design and designers within various social, economic and
politica...
as    well    as    characterizes,       their    research   and     practical
approaches         to    universal   design...
(1) local context (culture & identity)

                 (2) community partnerships (inclusive)

                 (3) seek...
independent living movement in many countries of Latin
America. CVI‐Rio, led by Lilia Pintos Martin and Veronica
Camisao, ...
In addition to the outstanding efforts that have been
established as a result of the CVI organizations, there are a
host o...
motivation, efforts, and objectives of the independent living
community in Brazil are well integrated and representative
o...
for ALL!

One of the very constructive projects that CPA has conducted
in Sao Paulo region under the design direction of f...
”Rua 24 Horas” (24 Hours Avenue): 24 hour city street
mall in Curitiba, Brasil. The street mall and its services is
availa...
may be comprised of small children to grandparents. Such
diverse trangenerational needs must be accommodated in an
inclusi...
economic benefits.
          The point‐of‐view of the study affirms what the renowned
          economist‐        philosop...
approach that goes well beyond the conventional design
process of passive brainstorming, sketching, visualizing and
protot...
                                                                                        
                            
 Mon...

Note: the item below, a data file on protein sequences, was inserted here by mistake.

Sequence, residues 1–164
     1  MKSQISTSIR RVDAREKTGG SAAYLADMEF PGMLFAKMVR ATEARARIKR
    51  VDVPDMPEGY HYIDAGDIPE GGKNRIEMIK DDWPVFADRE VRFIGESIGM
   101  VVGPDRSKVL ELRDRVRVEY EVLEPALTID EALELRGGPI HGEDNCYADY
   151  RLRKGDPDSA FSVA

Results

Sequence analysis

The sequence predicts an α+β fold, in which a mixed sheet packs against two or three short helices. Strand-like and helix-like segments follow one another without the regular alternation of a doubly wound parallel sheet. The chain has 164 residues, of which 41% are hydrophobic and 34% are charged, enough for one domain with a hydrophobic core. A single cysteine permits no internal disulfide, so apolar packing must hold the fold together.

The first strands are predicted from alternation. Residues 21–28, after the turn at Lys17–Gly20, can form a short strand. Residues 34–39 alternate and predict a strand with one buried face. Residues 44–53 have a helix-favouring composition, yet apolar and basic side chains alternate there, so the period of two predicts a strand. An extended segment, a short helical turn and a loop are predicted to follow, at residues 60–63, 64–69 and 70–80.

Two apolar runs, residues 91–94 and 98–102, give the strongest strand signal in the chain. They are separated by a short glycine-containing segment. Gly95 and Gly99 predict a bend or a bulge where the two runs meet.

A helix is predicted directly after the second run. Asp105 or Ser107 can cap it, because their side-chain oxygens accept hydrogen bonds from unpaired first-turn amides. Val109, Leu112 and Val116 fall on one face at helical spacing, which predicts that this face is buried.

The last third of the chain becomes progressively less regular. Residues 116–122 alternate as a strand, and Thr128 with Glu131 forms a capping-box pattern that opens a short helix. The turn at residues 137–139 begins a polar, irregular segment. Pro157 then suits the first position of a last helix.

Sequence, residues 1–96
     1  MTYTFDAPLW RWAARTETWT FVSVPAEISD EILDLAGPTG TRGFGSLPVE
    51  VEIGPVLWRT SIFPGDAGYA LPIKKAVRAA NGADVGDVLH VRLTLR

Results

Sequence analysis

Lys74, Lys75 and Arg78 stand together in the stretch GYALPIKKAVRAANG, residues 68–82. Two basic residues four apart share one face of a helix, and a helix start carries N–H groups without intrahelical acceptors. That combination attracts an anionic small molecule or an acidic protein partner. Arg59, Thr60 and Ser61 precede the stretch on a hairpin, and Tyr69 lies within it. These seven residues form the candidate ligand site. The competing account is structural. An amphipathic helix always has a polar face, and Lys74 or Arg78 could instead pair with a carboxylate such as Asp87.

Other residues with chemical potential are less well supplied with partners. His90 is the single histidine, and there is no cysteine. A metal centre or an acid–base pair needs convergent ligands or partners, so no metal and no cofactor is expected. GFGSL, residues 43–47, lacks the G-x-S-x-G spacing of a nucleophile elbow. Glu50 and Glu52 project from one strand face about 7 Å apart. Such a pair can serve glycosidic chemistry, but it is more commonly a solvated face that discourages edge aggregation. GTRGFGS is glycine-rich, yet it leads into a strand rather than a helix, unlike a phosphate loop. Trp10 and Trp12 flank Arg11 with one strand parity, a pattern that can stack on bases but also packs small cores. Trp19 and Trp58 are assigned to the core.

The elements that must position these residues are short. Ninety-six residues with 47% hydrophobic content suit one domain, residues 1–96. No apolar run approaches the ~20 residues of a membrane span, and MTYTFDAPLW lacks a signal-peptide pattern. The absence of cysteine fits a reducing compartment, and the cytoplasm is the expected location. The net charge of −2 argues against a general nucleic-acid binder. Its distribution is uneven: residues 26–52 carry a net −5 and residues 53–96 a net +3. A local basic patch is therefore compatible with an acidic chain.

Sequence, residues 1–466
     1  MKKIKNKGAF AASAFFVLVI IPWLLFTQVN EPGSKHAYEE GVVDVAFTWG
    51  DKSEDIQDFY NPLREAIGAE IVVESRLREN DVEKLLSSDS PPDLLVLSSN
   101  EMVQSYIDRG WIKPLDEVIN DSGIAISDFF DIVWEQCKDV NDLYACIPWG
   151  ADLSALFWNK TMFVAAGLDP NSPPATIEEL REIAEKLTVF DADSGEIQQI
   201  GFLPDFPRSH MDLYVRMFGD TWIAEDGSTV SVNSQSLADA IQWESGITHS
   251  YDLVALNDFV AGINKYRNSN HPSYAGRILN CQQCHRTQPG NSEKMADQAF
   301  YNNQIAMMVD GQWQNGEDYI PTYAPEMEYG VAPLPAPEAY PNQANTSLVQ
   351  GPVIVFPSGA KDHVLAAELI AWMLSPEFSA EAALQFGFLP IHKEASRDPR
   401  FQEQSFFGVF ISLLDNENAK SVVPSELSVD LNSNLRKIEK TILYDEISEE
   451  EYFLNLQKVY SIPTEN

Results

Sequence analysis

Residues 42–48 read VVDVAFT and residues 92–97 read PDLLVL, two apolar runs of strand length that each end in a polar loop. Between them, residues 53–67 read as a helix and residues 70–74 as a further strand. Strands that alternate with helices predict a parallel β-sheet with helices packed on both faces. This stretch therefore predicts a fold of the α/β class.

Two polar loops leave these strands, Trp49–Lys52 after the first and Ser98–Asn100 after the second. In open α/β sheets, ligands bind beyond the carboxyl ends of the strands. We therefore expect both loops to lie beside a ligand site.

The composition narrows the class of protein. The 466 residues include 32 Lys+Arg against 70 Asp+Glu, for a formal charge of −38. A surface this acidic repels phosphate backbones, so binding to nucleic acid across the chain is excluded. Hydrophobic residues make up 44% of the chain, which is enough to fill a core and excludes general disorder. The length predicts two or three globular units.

improved way of life6.

        Some of the services and resources that the association
    facilitates in the Monte Azul ...
mandate was to advocate designers, educators, students
and policy‐makers to address the evolution of universal,
inclusive ...
society and ourselves are in fact design.

     We do not design for living. We design to live” 7




     Bibliography
  ...
                                       



     “Inclusive Design in the “Majority World”
     Designing for the 21st Cent...
                                        


     Latin America and North America. The overall objective of
     the competi...
                                        


     in their consideration of more than one design discipline
     from the ar...
                                            


     appropriate to the cultural and physical context.

     The Competitio...
                                       


         The Top Three Finalist were selected student design teams
     from the...
                                           


      
      
      
      
      
      
      
      
                    ...
                                        


     •
     Nuarta Team, Industrial Design San Francisco State University, USA
...
                                     


      
      
      
      
      
      
      
      
      
      
      
     ...
                                     


      
     Water and Play: A Rainwater Harvesting and
     Playground Design for ...
                                    


     projects selected for presentation at the conference in Rio
     de Janeiro.  ...